It seemed the right thing to do. After the horrific attacks in Paris last Friday we were looking for a symbolic gesture of defiance to show that we will not allow a crazed group of psychopathic killers to threaten our way of life. Those in Paris could take to the streets, and vigils were held throughout the world as the blue, white and red lights illuminated landmark buildings in a mark of solidarity and respect. In this country the decision to carry on with the scheduled soccer friendly at Wembley between England and France was seen as a unifying opportunity for us all to sing La Marseillaise in fraternal friendship. Here in Norwich I desperately wanted a gig to attend, just to show that no fundamentalist was ever going to destroy my passion for music. The opportunity came on Monday night, at Norwich Arts Centre.
Seafret was a name that was new to me. Sounding a bit like a shipping container company, and having just the right combination of vowels and consonants to convince Countdown contestants that there surely would be a seven-letter word with which to reap the bonus points (there is one - 'feaster', as I don't think 'Freesat' would be permitted), this duo from Bridlington would provide me with my tribunal of solidarity.
Cove Hithe open the evening with the same three-piece line-up that performed at the Millenium Library earlier this Autumn as part of Norwich Sound and Vision. This means that multi-instrumentalist Matilda Pendered is again missing, leaving Jay Ducker to perform upfront. With the news that Rory is tonight making his last appearance on drums before taking off to Canada, the band could be in danger of turning into a solo act accompanied solely by the strange retro-keyboard player who looks strangely like an East Coast Ron Mael. The songs are still beautifully delivered, though, and with the band now proudly claiming to be Norwich-based, I'm sure it won't be long before we see them again with 'Till back in the fold., and with a replacement drummer.
Martin Luke Brown
Martin Luke Brown, from Leicester, is next, and one of a exclusive band of Musical Martins that, despite my furrowed head-scratching, can only remember Martin Kemp from Spandau Ballet and Martin Gore from Depeche Mode as fellow members. He sports a shaggy hairstyle and a cracking line in shirts, so when he starts playing his red Nord keyboard and singing with a soulful voice and extraordinary range that pitches him alternately between Stevie Wonder and Olly Alexander from Years and Years, I am somewhat surprised. The beauty of the Nord is that it is also an incredibly versatile instrument, so Martin becomes almost funky on 'Scars On Scars', then abandons the keyboards in preference for acoustic guitar to deliver a Sheeran-esque version of 'Knife Edge'. He more than holds his own during the set, and is certainly a name to remember. The music world needs more Martins.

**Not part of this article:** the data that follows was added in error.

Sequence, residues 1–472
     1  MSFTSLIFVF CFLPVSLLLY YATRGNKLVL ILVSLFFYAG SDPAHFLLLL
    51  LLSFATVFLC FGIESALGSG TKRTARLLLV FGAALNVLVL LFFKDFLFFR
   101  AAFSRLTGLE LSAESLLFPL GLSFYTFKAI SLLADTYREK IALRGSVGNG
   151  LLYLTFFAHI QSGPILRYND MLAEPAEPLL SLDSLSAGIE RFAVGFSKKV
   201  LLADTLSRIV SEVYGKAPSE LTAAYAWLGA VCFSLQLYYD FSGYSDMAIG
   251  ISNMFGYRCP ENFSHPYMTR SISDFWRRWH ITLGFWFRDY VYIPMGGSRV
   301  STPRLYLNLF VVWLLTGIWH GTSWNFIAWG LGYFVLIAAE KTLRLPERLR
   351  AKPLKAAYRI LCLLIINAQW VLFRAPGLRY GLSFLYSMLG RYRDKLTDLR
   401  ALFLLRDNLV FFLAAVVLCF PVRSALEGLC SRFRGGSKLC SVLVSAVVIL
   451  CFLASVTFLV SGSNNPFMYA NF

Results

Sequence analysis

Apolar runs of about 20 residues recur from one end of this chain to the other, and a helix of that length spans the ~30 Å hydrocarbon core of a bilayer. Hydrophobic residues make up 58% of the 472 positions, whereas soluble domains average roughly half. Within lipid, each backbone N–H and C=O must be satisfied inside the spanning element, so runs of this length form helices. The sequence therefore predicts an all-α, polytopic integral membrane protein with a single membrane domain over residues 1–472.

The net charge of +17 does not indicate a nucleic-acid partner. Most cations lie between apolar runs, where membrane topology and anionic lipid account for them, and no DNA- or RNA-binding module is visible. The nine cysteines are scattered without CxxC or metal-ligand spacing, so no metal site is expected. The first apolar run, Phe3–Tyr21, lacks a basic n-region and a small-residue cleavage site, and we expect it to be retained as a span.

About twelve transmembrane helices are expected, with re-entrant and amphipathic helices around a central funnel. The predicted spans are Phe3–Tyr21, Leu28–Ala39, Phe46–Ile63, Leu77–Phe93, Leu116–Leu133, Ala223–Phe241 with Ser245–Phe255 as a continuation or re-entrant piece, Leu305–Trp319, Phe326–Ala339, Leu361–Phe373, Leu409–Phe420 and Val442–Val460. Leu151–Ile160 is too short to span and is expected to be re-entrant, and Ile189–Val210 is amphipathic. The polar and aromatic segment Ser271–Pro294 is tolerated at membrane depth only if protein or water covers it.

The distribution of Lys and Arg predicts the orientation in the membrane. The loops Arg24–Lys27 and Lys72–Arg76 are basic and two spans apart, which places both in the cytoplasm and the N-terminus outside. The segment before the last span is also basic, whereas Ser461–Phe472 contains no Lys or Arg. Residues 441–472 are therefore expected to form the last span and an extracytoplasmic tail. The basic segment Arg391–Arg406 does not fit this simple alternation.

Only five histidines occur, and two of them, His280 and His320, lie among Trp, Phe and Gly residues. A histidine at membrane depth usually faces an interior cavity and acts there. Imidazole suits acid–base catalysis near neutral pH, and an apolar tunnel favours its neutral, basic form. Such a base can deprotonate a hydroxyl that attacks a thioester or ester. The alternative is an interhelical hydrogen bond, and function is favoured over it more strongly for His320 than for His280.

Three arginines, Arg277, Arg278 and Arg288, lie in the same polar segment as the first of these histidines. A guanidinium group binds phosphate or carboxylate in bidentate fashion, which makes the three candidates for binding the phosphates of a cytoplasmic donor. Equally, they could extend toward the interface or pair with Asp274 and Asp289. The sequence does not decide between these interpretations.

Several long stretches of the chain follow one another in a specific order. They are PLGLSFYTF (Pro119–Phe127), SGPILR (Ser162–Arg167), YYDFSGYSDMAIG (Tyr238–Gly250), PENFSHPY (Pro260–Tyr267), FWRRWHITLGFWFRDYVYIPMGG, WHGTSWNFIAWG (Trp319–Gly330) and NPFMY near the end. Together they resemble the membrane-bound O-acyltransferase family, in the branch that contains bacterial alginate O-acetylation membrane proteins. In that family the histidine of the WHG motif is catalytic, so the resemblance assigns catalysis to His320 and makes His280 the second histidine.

With a powerfully lit box sign proclaiming their name at the back of the stage we are in no danger of forgetting the lexicographers' favourites, Seafret. Playing tonight with backing from drums and keyboards, Bridlington's Jack Sedman (vocals) and Harry Draper (acoustic guitar) are attracting a fair bit of attention ahead of the Spring 2016 release of their debut album. Up until now we have had the EPs 'Give Me Something' and 'Oceans', which have been championed by both Huw Stephens and Zane Lowe. With a name that refers to a mist that rolls in off the North Sea, and Bridlington's rich maritime history and shellfish trade, one almost expects Seafret's music to be a combination of traditional folk and sea shanties, however much they look like a youthful Simon and Garfunkel (although Harry looks slightly more Pete Docherty than Paul Simon). The truth is, with Sedman's vocal abilities, and the strength of the songwriting, the result is reassuringly contemporary, but with the pedigree of past masters like Coldplay and Bon Iver to hold up as comparisons.
It is a combination that works well. Sedman sings and does all the talking, whilst Draper looks cool and plays his guitar. They seem somewhat bemused by the non-committal reaction of the Norwich Arts Centre audience. As each song is met with earnest yet polite applause Sedman is prompted to comment that he "can't quite make you lot out". There's no encore, just an invitation to write a contribution in their tour book, and obviously to buy some merch.
Seafret's Jack Sedman
The evening has served it's purpose for me, and I have made the point of coming out to listen to live music, and will always do so. Our cultural institutions and traditions are too important to be lost through fear or intimidation, regardless of how the politicians dance around the protocols of dealing with the terrorist threat and combating ISIS. Let us hope that the performing arts will continue to unite people of all faiths and creeds, and that the events of last Friday will actually result in a greater mutual understanding and determination to share our cultures.
Seafret have a website at http://www.seafret.com/ and you can even see Maisie Williams (Game of Thrones) in their video for 'Oceans' -
Cove Hithe also have their own web thingy at http://cove-hithe.co.uk/ , or you can like them on Facey-B at https://www.facebook.com/covehithe?fref=ts . If you are lucky you may still be able to pick up a vinyl/CD dual package of their 'Your Ground Is My Earth' release for the bargain price of £5. Yet another reason why I will probably end up buying a record player after all.